Wednesday, 8 July 2015

The Stocks, and a Matter of Public Record

In the old days, if you were convicted of a crime one of the possible punishments was essentially public humiliation.  You wore your crime literally in public, locked away in a wooden crossbar with your transgressions on display.  People threw rotten eggs and produce at you.  This was the law.

Modernly if you live in British Columbia (for instance) the stocks still exist, only without wood or iron bars or any physical structure.  If you want to know someone's transgressions (at least their provincial ones) all you need to do is look them up in Court Services Online.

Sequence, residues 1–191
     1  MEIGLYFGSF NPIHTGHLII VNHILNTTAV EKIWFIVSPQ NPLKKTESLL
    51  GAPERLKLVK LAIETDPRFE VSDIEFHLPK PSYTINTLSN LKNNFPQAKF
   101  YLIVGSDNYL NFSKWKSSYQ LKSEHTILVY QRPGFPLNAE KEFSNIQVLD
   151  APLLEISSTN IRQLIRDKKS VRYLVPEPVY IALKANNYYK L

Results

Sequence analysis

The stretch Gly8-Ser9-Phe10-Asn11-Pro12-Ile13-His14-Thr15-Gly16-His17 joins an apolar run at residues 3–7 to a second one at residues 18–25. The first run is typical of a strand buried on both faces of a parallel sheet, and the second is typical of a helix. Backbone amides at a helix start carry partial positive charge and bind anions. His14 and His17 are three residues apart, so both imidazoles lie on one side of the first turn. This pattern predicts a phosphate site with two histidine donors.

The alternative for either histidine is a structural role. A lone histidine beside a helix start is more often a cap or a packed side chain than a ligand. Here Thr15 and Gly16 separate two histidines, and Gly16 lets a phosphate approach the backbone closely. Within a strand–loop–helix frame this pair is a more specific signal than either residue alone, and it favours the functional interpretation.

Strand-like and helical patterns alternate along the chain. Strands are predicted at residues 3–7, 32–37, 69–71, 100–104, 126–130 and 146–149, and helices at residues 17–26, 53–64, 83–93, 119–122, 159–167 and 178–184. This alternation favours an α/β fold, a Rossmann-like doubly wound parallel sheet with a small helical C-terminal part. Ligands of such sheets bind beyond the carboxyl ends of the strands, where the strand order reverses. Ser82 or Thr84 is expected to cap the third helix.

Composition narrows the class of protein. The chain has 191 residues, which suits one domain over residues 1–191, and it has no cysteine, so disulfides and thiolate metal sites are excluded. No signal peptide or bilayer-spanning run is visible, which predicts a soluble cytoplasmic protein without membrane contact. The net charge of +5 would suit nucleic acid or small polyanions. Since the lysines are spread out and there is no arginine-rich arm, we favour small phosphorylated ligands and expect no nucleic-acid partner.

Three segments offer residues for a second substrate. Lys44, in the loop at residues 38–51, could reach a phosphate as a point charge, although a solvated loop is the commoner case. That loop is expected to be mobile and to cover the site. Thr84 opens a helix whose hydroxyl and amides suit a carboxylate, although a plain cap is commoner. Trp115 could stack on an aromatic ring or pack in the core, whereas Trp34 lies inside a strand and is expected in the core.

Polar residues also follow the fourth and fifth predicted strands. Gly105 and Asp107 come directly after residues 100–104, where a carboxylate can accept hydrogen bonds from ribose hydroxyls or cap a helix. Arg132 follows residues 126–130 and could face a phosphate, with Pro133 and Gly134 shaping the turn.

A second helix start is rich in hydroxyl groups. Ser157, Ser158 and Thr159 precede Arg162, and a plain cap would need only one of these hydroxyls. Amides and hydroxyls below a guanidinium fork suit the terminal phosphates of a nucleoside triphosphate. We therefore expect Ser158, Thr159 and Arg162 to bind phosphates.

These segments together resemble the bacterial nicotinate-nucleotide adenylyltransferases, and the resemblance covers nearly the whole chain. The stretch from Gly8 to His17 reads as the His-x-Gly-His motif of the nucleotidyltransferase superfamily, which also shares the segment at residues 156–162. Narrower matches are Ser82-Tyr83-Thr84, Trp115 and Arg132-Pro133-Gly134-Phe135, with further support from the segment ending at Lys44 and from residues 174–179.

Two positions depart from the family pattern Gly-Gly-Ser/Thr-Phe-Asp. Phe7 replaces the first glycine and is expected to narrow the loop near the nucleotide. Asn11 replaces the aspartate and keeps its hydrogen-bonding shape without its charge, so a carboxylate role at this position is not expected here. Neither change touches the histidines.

St Helena goes one step further.  As a part of the public service function they serve, the newspapers publish details of every criminal offence that happens on the island.  If you get into an argument with a police officer, if you're arrested for assault, if you shoplift a chocolate bar you will literally see your name in print (p22) in the next run of the newspaper along with a description of what happened.  People even go so far as to post editorial responses to the incidents to refute or argue with the crimes they're accused of, or to try to salvage their name or reputation on the island.

Besmirch your good name and absolutely everyone will know about it.  I was curious about what is culturally distinct about the island... the lack of secrets stood out almost immediately as one of the most profound differences, with far-reaching implications.

There is definitely more to learn about this place.

No comments:

Post a Comment